By Nicole O’Connell
In this column, Nicole deciphers Victorian cursive and explores old class diaries to see what students were up to in the early days of Worcester State. “Much and Nothing” refers one diarist’s account of a day’s happenings in 1877, but perhaps the sentiment applies more aptly to a multitude of entries.
The class diaries are part of the Apprenticeship Materials in the WSU Archives.
The March entries of 1877 would perhaps more aptly be described as “Quotes and Weather” than “Much and Nothing.” As the vernal equinox approaches, the students long for spring and make it resoundingly clear in their writing, both by using their own words and the words of well-known authors.
Quoting in the diaries was a common practice among the students, but the reasoning behind it is unclear. Did a young woman inscribe a Tennyson poem into the pages because the words evoked such visceral sentiments within her that she had to do something about it and get those stanzas down on paper? Or did she simply desire to fill up the blank space with something, anything, and be done with her task of recording something for that day?
Though Tennyson’s words appear three times in March of 1877, he is not alone among the celebrated writers appearing in the entries. Longfellow, Emerson, Thoreau, Lowell, Whittier, and Wordsworth are quoted from this month as well. The quotes, especially the ones from the transcendentalists of the bunch, often touch upon themes of nature. If the Normal School students were reading largely from these authors, it starts to become clear why their descriptions of nature are often so eloquently written into the entries.
Sometimes the students fill the whole page with another’s words, sometimes they use the space only for their own words, and sometimes they utilize a mixture of both. The entries below consist mainly of the students’ words, with occasional interspersions of other authors.
On March 9 it was written:
Rain and wind in about equal proportions, have constituted the programme of today.
The rain came down and the wind blew up – judging from the appearance of a certain umbrella. Longfellow would doubtless say of it – “The day is cold, and dark, and dreary, it rains and the wind is never weary.”
Longfellow’s “dark, and dreary” words must have been much appreciated by the Normal School students for they employ them twice more throughout the March 1877 entries.
On March 15:
All this week has been stormy, and for three mornings, everything has been beautifully decorated with snow.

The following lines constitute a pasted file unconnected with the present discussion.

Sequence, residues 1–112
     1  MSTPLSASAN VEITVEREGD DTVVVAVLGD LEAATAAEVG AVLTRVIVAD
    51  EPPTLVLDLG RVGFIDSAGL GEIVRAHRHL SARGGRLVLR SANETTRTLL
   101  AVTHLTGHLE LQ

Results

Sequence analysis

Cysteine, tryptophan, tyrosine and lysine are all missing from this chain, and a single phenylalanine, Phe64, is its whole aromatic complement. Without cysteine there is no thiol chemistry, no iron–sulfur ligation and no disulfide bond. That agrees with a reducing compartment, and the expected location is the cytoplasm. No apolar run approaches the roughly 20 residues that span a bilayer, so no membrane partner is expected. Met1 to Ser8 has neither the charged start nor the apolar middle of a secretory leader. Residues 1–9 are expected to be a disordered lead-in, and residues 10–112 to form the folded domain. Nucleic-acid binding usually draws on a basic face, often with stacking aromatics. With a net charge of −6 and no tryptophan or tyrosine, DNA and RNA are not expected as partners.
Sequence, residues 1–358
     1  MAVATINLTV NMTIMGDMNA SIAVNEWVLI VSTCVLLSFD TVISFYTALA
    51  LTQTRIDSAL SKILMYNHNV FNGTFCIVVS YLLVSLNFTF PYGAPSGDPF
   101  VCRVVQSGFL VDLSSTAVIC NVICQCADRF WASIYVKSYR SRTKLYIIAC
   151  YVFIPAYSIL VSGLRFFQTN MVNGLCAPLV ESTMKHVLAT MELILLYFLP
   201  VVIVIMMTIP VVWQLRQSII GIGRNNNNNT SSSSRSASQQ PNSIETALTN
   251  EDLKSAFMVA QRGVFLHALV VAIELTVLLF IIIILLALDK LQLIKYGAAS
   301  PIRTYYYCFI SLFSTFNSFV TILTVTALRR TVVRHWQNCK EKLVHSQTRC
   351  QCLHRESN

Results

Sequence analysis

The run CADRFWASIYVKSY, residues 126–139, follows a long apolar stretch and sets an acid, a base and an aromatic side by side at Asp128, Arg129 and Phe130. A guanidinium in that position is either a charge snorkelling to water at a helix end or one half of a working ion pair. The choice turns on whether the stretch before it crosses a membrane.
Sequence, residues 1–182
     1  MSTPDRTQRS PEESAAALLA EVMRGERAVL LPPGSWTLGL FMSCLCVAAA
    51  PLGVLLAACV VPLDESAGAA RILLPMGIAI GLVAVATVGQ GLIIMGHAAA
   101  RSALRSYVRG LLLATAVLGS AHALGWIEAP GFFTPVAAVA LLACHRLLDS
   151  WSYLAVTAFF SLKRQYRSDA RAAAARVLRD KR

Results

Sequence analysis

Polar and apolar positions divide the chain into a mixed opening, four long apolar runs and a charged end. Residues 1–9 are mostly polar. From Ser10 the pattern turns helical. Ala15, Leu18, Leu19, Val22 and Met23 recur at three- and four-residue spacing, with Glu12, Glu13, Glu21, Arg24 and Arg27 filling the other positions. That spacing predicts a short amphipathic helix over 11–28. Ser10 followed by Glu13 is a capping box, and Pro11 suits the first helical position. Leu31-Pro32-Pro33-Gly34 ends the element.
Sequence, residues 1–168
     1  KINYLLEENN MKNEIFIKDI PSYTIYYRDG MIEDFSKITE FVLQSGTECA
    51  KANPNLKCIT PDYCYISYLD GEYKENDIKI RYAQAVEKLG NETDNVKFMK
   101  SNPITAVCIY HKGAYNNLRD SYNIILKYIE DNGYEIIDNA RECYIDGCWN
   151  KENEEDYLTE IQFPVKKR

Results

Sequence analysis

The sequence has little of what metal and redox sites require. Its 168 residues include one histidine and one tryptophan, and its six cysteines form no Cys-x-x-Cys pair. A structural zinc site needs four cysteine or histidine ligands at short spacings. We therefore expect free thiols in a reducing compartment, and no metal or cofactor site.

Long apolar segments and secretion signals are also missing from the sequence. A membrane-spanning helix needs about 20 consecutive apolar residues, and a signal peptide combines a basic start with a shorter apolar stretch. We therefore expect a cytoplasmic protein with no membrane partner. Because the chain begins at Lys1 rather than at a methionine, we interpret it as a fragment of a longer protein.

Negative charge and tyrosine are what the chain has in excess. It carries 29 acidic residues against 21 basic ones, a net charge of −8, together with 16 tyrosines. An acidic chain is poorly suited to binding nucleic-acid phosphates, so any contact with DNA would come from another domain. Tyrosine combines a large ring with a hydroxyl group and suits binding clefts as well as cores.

Last night the snow fell quietly, and the first intimation we had of it, – for the clouds had risen in the evening – was the scraping of shovels on the sidewalk. We saw the sun, hidden since Monday, this morning, this is such a day, as Whittier wrote about in these words;
Around the glistening wonder bent
The blue walls of the firmament,
No cloud above, no earth below –
A universe of sky and snow!
The next day, the 16th,
Another day of sunshine and beauty overhead, and mud and slush under-foot, but accompanied by an atmosphere clear and bracing and sufficiently cool to keep one from murmuring at the bad walking, poor sleighing and worse wheeling.
Such days as yesterday and today are glorious ones for developing a love for the beautiful, and for making ourselves, “greater than he that taketh a city”, but – they are bad for rheumatics.
And on March 21:
This has been another of the “dark and dreary days.” It seems as Spring as – probable sun-light and mist strive for the mastery; but to-day mist was victorious.
In the morning there was a drizzling rain, enough, when united with the melting snow to make the walking disagreeable and even dangerous where it masked the snow from icy patches. At noon the sun-light had not succeeded in piercing the fog.
In the afternoon the fog was so dense that objects at only a short distance were invisible or dimly outlined.
Within these entries we see four different writers. It can be easy to group them into one collective – students of the Worcester Normal School, each expressing their opinions on the evermore-spring-like weather – but if we look close, we can see that in each entry, there shines glimmers of the personalities of these individuals.
The March 9 author gifts us with a quip about a certain umbrella. In the next, we see the writer’s appreciation for the beauty of nature. March 16’s entry shows a student who was concerned about transportation during these difficult conditions. And in the last entry, the author has presented an exquisite description of a celestial battle between the sunlight and fog.
On first glance the weather does not appear to be the most insightful aspect of these entries, but much can be learned from how the students wrote about conditions outside the classroom.